Stranger Things


Stranger Things.

Following two average seasons, the science fiction drama created by the Duffer Brothers returned with potentially its most impressive episodes yet. The show has taken a darker turn, almost crossing into the horror genre, as its unsettling events unfold in extended and extravagant episodes. Along with introducing Kate Bush to a new audience, the emotional storyline also serves as a tribute to the power of friendship and community in helping individuals overcome trauma, all while maintaining the lovable and humorous elements that have made it a well-loved series.

Our revised version: “Stranger Things has evolved into a larger, more intense storyline, assuming that the young viewers who were captivated by season one are now of age and interested in darker themes. This once charming and suspenseful show, heavily influenced by Steven Spielberg, now incorporates elements of full-fledged horror, drawing inspiration from The Exorcist and A Nightmare on Elm Street.” Please see the full review for more details.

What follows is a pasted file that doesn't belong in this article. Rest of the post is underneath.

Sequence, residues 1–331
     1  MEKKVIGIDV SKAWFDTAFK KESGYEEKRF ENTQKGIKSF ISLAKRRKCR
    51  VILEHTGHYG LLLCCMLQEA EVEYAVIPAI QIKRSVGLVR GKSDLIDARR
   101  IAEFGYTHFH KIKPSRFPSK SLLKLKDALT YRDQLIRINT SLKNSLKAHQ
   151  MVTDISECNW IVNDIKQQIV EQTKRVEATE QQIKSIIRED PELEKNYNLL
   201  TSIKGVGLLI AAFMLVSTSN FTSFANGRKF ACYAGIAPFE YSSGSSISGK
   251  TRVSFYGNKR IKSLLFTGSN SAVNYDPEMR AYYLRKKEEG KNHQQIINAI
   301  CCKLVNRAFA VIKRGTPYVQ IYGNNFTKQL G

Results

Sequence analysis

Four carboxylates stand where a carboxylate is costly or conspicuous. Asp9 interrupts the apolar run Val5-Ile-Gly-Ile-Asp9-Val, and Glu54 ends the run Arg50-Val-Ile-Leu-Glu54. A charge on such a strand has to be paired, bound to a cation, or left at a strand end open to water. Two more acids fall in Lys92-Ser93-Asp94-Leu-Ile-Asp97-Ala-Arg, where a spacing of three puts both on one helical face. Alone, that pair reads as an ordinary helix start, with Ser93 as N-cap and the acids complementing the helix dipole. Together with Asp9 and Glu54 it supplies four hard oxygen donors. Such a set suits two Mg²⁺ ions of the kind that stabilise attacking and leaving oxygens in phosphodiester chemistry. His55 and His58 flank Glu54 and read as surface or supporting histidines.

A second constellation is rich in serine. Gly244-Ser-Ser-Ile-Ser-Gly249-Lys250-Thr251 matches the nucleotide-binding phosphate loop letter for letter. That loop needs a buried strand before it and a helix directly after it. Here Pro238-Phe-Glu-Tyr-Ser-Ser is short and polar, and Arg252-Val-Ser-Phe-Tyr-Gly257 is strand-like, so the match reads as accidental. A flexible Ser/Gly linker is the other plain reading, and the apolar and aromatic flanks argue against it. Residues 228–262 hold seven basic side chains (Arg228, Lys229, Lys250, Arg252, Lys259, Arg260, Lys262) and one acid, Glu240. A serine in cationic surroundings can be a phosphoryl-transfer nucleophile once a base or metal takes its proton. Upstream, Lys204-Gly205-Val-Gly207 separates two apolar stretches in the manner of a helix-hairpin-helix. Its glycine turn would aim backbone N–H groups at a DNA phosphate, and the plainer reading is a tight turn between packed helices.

The Responder


Martin Freeman took us on an incredibly stressful and visceral ride as police officer Chris Carson, the Liverpudlian first responder on the brink of a breakdown – even before he gets in too deep with the local drug dealer. What a harrowing performance he put in, and what a masterful script by former night-shift cop Tony Schumacher. Its raw realism shows in every character, from the “bagheads” to those on the beat. Blistering stuff.